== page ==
We will help you maximize your experience on the rivers we fish. We'll provide boat transportation, either by the 28' For Reel or our 16' Lund boat, to several different streams. If you have your equipment (including fly fishing and spin fishing gear, boots, fishing vests, jackets, and waders), by all means, bring them. Alaska Wilderness Charters has a limited supply of waders, plus some essential fly fishing and spin fishing gear. We also carry a small first aid kit. We sometimes bring a pack raft up the river to transport extra equipment in dry bags with larger groups.
Between the sunny days in Alaska, it can be cool and damp. You'll need to bring rain gear, rubber boots, and some warm clothing—see Recommended Gear. The stream waters are always chilly. We will be wearing waders when fishing, but long pants or long underwear bottoms beneath them can be a nice thing - especially if you choose to stand in the water much of the day. A small day pack is handy for your binoculars, camera (be sure to store it in a zip-lock bag), and some extra clothing. Anyone over the age of 12 will need an Alaska fishing license. The same license applies to saltwater fishing.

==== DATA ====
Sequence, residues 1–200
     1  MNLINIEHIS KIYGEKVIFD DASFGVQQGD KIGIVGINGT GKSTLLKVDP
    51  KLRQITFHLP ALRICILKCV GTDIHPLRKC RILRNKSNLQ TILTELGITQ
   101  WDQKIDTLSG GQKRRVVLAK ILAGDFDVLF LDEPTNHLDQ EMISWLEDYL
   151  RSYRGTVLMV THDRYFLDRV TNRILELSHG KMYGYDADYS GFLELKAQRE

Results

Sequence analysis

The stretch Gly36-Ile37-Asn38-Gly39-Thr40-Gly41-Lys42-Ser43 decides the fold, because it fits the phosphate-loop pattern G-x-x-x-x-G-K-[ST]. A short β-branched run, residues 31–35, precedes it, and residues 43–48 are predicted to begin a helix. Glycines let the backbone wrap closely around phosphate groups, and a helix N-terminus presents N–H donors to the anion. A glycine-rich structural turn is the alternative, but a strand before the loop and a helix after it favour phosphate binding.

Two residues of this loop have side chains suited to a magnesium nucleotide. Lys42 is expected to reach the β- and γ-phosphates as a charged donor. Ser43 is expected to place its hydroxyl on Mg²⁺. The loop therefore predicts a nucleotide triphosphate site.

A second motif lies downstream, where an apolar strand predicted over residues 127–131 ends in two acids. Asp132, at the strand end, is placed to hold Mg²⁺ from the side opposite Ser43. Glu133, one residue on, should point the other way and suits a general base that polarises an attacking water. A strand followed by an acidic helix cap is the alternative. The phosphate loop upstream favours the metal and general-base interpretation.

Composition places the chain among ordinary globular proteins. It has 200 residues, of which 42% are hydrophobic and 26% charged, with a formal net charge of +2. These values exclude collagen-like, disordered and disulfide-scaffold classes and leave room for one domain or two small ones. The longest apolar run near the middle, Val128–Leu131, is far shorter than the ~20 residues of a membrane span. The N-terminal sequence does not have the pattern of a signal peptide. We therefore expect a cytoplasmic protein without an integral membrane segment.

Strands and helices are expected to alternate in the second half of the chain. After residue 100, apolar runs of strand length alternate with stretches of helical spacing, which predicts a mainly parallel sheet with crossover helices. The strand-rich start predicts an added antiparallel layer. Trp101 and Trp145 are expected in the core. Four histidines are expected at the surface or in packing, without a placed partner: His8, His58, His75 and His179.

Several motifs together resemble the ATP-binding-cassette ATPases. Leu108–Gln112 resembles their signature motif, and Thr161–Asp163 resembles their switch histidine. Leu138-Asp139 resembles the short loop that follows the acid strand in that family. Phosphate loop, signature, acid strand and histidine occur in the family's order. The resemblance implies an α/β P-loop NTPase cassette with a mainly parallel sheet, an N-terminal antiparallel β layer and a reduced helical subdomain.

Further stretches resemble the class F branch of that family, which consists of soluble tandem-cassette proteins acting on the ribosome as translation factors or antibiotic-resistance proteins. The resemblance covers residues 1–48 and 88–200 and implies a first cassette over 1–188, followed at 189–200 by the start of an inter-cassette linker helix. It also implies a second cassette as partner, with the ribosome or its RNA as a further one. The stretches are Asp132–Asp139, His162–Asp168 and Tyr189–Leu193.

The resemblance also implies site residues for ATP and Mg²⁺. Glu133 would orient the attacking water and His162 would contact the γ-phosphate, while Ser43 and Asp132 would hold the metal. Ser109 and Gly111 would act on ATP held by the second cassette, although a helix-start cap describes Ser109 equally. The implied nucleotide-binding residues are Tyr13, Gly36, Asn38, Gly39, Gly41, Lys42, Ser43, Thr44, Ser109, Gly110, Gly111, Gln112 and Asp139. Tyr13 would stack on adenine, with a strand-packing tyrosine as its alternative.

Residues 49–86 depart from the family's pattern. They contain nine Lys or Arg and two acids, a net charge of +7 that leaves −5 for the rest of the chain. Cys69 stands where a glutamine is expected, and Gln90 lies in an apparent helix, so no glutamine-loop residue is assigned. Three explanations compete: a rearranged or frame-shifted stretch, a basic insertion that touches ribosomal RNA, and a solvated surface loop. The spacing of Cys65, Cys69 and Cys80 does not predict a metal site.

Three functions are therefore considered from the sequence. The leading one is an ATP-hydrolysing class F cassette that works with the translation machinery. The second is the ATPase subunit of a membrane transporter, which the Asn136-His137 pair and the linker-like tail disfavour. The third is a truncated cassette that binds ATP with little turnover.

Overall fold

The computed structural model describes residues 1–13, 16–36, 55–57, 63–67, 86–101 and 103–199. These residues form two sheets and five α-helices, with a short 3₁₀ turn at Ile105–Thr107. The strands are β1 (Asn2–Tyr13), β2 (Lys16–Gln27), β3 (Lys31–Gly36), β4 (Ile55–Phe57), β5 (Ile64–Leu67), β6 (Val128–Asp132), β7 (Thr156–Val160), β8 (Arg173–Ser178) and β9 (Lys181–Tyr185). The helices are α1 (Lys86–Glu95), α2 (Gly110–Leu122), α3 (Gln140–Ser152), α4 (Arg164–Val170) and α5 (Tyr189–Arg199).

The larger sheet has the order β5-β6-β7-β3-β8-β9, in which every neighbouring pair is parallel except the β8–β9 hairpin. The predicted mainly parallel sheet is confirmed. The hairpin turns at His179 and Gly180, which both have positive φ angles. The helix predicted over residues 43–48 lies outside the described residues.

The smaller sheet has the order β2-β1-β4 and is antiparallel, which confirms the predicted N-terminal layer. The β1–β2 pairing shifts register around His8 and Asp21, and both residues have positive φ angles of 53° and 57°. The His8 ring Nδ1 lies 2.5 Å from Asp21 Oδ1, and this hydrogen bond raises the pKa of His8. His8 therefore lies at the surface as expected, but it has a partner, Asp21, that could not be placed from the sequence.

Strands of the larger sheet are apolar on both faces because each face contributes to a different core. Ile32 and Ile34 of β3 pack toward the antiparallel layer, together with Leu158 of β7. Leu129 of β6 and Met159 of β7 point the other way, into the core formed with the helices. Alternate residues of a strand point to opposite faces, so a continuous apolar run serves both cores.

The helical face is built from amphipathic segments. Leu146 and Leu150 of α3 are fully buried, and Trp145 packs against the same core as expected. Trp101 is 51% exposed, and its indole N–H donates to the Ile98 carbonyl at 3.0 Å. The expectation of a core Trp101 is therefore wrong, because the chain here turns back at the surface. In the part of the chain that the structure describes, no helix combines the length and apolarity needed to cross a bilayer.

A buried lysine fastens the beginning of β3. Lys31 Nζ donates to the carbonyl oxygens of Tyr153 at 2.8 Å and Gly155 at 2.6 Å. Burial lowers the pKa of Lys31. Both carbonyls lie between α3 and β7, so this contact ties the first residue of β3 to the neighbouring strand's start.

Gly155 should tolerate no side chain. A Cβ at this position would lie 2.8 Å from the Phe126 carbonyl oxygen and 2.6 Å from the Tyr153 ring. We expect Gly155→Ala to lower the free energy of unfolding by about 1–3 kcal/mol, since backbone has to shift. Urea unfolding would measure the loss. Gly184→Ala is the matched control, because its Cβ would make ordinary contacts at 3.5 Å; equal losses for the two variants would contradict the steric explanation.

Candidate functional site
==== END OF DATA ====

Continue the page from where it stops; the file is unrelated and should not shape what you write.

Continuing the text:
The Tongass National Forest sees very few visitors and has no roads. The trip includes casting in streams where steelhead, cutthroat and rainbow trout, Dolly Varden (Arctic Char), and salmon thrive for fishers. If you don't like to fish (but your partner does), be sure to bring your binoculars and camera - the wilderness areas we go to are stunningly beautiful, and we usually see bears, eagles, and whales. This area is a photographer's dream, with orcas, sea otters, sea lions, harbor seals, and hundreds of shorebirds populating the rugged coastline.
Good morning on the fish 🎣 #halibut #alaskahalibut #halibutfishing #alaskasalmon #salmonfishing #alaskacharters #mvglacierbear #akwildernesscharters #alaskalife #alaska #tripofalifetimePosted by Alaska Wilderness Charters on Thursday, July 30, 2020
Master fishing guide Doug Ogilvy spent over twenty years as a full-time commercial salmon fisherman and bottom-fish long-liner and is now "semi-retired." With an additional twenty years of sport-fishing and stream-fishing experience on the ocean, streams, and Alaska's wilderness, Doug has extensive knowledge of fishing opportunities in this beautiful area.
Doug will give you a good day on one of the many rivers and creeks along our travel route. He's always happy to provide lessons on fly-casting or spin-casting equipment and technique.